Across our country today and here in Marietta, veterans, their families and friends and patriotic Americans remember Pearl Harbor.
In Honolulu there will be throngs of visitors to the USS Arizona Memorial, the most popular of all attractions in Hawaii. The bridge-like memorial spans the sunken battleship Arizona, final resting place for many of the 1,177 crewmen killed in the attack — the greatest loss of life on an American warship in history. The total deaths at Pearl Harbor numbered 2,418, including 68 civilians.
That forms the backdrop for a ceremony in Honolulu today as the Navy and National Park Service honor Ray Emory, 91-year-old survivor of the bombing, for his painstaking work over more than 20 years trying to identify unknown military dead at Pearl Harbor. Because of his stubborn efforts, more than 300 gravestones have been relabeled with the ship names of the deceased. Still, as many as one-fourth of the dead remain unidentified on the markers.
It might seem of little importance today, so remote from Dec. 7, 1941, “a date which will live in infamy,” as President Franklin D. Roosevelt described it. But not so. When people ask Emory why he has worked at his mission so long, his reply is: talk to those who lost relatives in the attack. To them, it means something like closure. They won’t forget what happened at Pearl Harbor.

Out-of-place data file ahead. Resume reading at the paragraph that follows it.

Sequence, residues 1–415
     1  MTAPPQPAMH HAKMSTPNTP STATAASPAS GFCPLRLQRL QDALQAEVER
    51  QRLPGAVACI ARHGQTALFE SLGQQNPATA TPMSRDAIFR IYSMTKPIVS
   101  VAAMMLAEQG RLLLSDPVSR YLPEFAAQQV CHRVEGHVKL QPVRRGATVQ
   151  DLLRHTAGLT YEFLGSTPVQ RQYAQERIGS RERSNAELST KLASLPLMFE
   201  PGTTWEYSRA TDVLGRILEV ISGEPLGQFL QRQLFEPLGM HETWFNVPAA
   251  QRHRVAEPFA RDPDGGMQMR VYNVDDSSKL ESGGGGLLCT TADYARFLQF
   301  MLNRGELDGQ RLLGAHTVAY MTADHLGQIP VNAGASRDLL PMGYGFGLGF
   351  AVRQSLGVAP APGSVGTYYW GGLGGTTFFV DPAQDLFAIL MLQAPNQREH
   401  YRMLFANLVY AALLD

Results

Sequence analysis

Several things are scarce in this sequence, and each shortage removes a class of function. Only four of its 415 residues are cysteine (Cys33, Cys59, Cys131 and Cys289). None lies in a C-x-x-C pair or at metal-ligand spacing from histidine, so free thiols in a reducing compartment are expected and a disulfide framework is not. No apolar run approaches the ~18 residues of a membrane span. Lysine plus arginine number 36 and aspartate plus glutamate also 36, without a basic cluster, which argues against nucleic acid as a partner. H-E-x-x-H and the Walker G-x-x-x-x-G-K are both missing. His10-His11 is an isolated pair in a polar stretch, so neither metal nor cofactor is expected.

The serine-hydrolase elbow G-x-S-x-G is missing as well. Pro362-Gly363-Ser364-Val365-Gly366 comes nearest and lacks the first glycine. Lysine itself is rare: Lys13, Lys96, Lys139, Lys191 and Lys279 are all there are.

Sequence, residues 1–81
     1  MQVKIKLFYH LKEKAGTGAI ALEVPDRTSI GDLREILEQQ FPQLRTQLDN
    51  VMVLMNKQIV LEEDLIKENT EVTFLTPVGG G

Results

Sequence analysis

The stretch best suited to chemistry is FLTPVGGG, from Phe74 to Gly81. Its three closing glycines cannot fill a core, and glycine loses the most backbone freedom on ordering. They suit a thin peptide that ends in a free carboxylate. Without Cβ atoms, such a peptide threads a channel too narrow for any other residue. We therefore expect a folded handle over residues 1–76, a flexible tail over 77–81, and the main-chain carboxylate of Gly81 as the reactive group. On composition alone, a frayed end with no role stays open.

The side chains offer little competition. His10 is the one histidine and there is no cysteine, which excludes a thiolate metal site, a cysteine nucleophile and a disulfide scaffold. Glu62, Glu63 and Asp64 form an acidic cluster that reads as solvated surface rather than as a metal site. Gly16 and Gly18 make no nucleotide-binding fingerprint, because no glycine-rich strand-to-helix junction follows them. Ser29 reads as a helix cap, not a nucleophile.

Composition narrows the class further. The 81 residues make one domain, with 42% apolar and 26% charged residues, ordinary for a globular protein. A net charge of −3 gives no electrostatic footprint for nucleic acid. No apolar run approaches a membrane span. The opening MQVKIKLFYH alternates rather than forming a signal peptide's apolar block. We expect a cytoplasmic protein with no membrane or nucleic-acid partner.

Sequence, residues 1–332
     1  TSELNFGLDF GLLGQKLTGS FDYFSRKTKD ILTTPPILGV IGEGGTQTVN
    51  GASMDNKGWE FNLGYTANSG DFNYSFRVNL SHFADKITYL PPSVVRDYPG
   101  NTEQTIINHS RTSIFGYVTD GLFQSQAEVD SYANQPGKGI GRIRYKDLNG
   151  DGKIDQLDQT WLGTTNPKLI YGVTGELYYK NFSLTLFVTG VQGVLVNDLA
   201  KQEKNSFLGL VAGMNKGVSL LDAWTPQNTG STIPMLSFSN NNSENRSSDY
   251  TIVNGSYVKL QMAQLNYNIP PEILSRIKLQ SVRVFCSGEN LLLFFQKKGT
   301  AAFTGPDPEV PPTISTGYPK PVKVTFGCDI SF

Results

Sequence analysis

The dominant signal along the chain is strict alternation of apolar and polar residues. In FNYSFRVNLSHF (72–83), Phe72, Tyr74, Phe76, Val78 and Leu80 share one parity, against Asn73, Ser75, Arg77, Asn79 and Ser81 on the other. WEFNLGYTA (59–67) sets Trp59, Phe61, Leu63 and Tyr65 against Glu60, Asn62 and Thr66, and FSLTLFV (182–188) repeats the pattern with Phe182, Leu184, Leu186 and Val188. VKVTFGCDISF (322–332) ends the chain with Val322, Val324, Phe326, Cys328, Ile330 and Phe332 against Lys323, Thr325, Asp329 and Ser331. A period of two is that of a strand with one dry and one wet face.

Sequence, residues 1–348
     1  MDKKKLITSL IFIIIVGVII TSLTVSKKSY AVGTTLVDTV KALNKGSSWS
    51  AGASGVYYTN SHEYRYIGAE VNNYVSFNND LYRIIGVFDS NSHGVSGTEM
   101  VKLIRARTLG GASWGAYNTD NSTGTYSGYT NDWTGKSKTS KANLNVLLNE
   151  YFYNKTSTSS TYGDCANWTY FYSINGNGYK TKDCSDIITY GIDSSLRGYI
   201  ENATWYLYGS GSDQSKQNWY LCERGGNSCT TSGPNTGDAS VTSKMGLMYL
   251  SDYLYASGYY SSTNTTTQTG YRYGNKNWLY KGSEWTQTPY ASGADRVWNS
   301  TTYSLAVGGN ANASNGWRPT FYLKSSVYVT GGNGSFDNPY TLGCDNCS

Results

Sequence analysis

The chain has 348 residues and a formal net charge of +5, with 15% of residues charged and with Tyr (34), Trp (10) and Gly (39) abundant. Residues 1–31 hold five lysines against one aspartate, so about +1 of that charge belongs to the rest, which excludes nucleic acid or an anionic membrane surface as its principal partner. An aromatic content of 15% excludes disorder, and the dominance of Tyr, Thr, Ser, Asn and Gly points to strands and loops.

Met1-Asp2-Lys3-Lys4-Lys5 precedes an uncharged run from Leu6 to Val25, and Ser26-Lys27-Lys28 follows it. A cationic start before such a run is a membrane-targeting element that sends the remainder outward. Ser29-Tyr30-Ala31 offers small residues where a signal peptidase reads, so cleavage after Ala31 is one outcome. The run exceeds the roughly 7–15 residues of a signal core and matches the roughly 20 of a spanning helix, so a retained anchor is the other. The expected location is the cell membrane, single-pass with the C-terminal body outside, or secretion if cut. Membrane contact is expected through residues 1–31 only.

Now once again our country is facing a decision on national defense that could have a major impact on our preparedness. The so-called fiscal cliff inexorably draws near while President Obama holds out for higher taxes against Republican opposition. If the country slides off the cliff, the Defense Department will get hit with an additional $500 billion in cuts over the next 10 years — on top of $487 billion cuts already approved.
Even if Republicans and Democrats work out a deal to avoid the cliff, additional cutbacks of several hundred billion in defense budgets could be in store over the coming decade. Procurement — spending on equipment and the like — would be hit the hardest, and the civilian workforce now at about 700,000 could be reduced by as much as 200,000.
Either scenario will undermine our country’s preparedness for the next Pearl Harbor or the next major terrorist attack on the order of Sept. 11, 2001, another date that lives in infamy, when Islamist jihadists wreaked death and destruction on the World Trade Center and the Pentagon while a courageous group of passengers fought their hijackers on United Airlines Flight 93 and the plane crashed in a Pennsylvania field. Nearly 3,000 people died in the attacks.
The lessons from these attacks on our homeland must not be forgotten. Mistakes of the past must not be repeated. But they will be if drastic cuts are made in our national defense.
Let’s remember Pearl Harbor.